Skilled trade jobs are often overlooked.
There are still myths that a skilled trade is just a job, not a career, and that you don’t have to be very smart to succeed. This is far from the truth – many skilled trades require technical skills, math, and hours of training.
It is tradespeople that keep our utilities running, repair our appliances, build and maintain our roads, as well as many other things that are integral to our daily lives.
So what can we do to solve Canada’s current shortage of tradespeople? Read on to learn more.
Canada’s trade worker shortage
Several factors contribute to the shortage, including demographics. In the years ahead, more waves of retirement will follow the baby boomers who built, fixed, and kept our communities running. By 2027, approximately 13 percent of the construction sector will be retired, according to Buildforce Canada.
It isn’t just that these workers are retiring; there aren’t enough workers to replace them. One reason for this is the stigma that has long been attached to pursuing a career in the trades.
Trade schools and community colleges are often considered secondary options, even though many skilled tradespeople can make far more money than other professions requiring a university degree or college diploma.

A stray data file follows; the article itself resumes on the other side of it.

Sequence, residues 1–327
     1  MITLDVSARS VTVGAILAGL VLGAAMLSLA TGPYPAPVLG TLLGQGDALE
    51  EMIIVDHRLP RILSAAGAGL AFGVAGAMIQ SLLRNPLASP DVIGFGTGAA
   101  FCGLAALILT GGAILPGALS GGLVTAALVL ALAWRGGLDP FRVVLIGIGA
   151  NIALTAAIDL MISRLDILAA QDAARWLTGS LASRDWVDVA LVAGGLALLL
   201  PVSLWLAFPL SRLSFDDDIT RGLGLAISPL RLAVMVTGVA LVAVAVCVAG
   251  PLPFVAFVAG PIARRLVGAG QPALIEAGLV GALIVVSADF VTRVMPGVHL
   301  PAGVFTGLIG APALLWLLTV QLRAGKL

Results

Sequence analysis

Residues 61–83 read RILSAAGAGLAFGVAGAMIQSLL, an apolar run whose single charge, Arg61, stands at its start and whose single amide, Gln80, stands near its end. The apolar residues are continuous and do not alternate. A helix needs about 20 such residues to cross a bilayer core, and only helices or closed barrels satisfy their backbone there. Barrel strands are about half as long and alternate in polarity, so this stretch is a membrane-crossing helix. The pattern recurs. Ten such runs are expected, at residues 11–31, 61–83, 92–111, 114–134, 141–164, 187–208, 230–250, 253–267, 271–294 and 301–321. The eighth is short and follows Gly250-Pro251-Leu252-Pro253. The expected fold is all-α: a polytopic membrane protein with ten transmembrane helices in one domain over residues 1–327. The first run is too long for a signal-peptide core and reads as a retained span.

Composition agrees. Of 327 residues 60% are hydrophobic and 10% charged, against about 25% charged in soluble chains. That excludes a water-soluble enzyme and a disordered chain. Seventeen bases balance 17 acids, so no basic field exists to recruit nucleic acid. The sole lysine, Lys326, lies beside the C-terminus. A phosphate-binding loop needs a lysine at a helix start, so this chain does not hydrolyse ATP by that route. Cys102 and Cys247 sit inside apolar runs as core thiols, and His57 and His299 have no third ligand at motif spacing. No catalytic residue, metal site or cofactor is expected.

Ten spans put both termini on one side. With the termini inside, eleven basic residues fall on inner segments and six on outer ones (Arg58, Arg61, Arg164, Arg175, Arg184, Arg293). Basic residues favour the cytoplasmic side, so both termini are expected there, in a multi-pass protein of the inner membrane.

Making strides toward closing the gap
Despite the current shortage of tradespeople, some measures can be taken to address the issue. Among them are:
- Promoting workplace cultures that welcome and assist women and minorities in entering the trades, breaking stereotypes about women working in construction
- Early exposure to hands-on learning about the trades and demonstrating that a tradesperson can also be an entrepreneur
- Mentoring young women entering the trades and highlighting influential role models to help them understand how fulfilling a trades career can be
Fortunately, the Ontario government has committed $4.8 million toward expanding the dual credit program to help prepare more students for good-paying jobs of the future. As a result of the expansion of the dual credit apprenticeship program, 2,200 additional high school students will have the opportunity to earn college credits and train as apprentices while still in high school, encouraging them to consider careers in the skilled trades. Click here to learn more.
How Apprenticeships work
Sometimes the apprenticeship process can feel daunting, but there are organizations, such as Trades for Tomorrow, that can help you through your apprenticeship pathway.
Click here to learn more about the process for starting and completing an apprenticeship in Ontario.
If you are interested in an apprenticeship as a sponsor group, Trades for Tomorrow can help you find a placement.